In late July, Stephen Blyth stepped down as head of Harvard Management Company; then things happened fast.

By mid-September, a hire seemed imminent and HMC was said to have winnowed the field down to just two: Narv Narvekar of Columbia and Amy C. Falls of Rockefeller University.

Mr. Narvekar, who got the job, was an obvious candidate, according to us as well as many others.  He had run a major Ivy endowment for a decade, consistently outperforming Harvard.  He was the right age and had the right credentials.  Everyone in our world of investment management knew and respected him.


Ms. Falls was not quite so well known.  She had been chief investment officer at Rockefeller University in New York for five years, but that’s a smaller ($2 billion AUM), non-Ivy institution.

Rockefeller University has a small footprint on Manhattan’s upper East Side, and no undergraduates at all (although it does confer a few PhD degrees every year).  It’s primarily a world-class biomedical research center (including a long roster of Nobelists).  They do important work, but don’t have the cultural or investment heft of a Harvard or Yale.

But, on closer inspection, it was clear that Ms. Falls was not only an accomplished investment manager, but also an ambitious and formidable networker who was pre-vetted and well-regarded at Harvard.  Serendipitously, she had been tapped for a seat on the Harvard Management Company board last September.  Back then Mr. Blyth was still firmly in the saddle at HMC, ten months before the job suddenly fell open.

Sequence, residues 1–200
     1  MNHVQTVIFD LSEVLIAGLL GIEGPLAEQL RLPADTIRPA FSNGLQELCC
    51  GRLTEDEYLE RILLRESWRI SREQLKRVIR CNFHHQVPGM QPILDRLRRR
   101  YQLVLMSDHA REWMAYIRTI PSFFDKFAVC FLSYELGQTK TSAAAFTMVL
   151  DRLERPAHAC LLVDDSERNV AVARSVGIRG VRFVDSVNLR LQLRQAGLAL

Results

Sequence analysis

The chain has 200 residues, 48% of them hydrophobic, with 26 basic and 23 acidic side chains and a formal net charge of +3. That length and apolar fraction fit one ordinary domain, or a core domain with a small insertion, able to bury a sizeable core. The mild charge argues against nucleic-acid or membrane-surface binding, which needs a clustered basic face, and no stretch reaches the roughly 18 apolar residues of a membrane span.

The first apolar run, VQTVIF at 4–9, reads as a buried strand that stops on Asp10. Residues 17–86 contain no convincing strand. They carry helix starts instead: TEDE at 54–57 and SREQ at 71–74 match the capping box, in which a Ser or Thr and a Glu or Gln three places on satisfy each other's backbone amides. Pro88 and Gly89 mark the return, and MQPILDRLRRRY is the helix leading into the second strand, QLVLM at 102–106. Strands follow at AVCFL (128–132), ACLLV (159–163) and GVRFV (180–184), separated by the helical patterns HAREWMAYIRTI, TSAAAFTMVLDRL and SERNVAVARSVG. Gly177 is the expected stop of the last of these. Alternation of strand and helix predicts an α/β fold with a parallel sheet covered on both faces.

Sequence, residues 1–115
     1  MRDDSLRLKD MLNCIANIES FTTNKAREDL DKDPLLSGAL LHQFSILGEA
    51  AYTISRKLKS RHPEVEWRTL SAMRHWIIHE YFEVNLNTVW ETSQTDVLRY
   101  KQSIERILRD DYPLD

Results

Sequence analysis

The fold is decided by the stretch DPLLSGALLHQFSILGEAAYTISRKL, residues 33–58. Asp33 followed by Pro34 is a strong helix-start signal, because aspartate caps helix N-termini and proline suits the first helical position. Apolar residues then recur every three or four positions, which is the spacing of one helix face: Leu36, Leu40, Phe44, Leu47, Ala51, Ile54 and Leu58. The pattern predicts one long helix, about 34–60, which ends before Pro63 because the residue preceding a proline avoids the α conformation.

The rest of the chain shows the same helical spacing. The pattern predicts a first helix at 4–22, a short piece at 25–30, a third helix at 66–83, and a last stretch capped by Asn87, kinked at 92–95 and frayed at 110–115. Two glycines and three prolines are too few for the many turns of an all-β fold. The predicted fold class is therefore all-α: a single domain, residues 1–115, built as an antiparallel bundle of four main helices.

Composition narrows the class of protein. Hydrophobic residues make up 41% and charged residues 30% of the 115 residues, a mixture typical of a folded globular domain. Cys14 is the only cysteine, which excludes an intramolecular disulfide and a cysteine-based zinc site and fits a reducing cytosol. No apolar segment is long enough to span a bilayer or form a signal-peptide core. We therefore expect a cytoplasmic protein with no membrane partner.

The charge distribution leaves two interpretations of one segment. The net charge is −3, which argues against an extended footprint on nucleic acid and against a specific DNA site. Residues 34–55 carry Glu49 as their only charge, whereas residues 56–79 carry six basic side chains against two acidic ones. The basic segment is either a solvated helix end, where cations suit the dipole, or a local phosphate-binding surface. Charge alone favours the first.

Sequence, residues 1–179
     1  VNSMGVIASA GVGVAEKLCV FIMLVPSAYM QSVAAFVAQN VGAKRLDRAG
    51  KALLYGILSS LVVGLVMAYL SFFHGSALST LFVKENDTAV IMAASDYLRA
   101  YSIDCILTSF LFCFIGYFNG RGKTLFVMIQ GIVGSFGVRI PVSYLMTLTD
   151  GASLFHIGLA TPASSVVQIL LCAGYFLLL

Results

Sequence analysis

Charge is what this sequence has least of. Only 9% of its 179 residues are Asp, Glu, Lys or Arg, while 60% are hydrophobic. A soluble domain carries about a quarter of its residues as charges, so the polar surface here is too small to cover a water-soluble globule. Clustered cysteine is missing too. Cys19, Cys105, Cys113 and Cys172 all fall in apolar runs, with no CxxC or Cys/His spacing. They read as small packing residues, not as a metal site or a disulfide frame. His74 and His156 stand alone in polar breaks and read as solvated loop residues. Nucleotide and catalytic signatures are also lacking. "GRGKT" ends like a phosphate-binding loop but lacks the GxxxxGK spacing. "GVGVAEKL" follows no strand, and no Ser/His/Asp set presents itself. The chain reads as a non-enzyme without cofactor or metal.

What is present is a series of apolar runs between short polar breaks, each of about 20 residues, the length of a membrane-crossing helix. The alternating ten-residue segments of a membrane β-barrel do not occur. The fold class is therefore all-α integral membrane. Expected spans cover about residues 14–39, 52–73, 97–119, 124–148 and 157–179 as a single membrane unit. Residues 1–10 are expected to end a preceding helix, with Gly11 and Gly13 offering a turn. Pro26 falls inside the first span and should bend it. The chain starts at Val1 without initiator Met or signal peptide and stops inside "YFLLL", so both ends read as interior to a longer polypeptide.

Paul J. Finnegan, who sits on the Corporation board as well as chairing HMC, welcomed her aboard last Fall, saying: “She joins at a particularly important time as we implement a new portfolio and organizational strategy.”  Clearly, Mr. Finnegan, who had himself just succeeded to the HMC chairmanship, had a hand in her appointment and regarded her as an ally in the refurbishment of the endowment.

Reliable sources tell us that Harvard tried to recruit Mr. Narvekar to succeed Mohammed El-Erian as endowment head.  But he declined then for personal reasons, and the job went to Jane Mendillo.

We think Harvard expected Mr. Narvekar to be more amenable this time around, which is why they were pretty confident they could fill the job quickly.  But, as battle-scarred head-hunters, we can testify that even “done deals” can inexplicably fall apart.  You always need a Plan B.  In this case, that was Amy Falls, who was an attractive candidate in her own right.

She had a Harvard degree, was a HMC board member, and had already been vetted by Mr. Finnegan.  And, in the diversity-sensitive world of Ivy politics, it didn’t hurt at all to have a woman publicly in the mix of candidates.

Coffee with Amy:

Ms. Falls graciously offered me a sitdown when I was in Manhattan last month, and I was eager find out what isn’t in her official bio.

She’s a direct and confident woman; and I enjoyed our wide-ranging conversation about her life, times, and profession.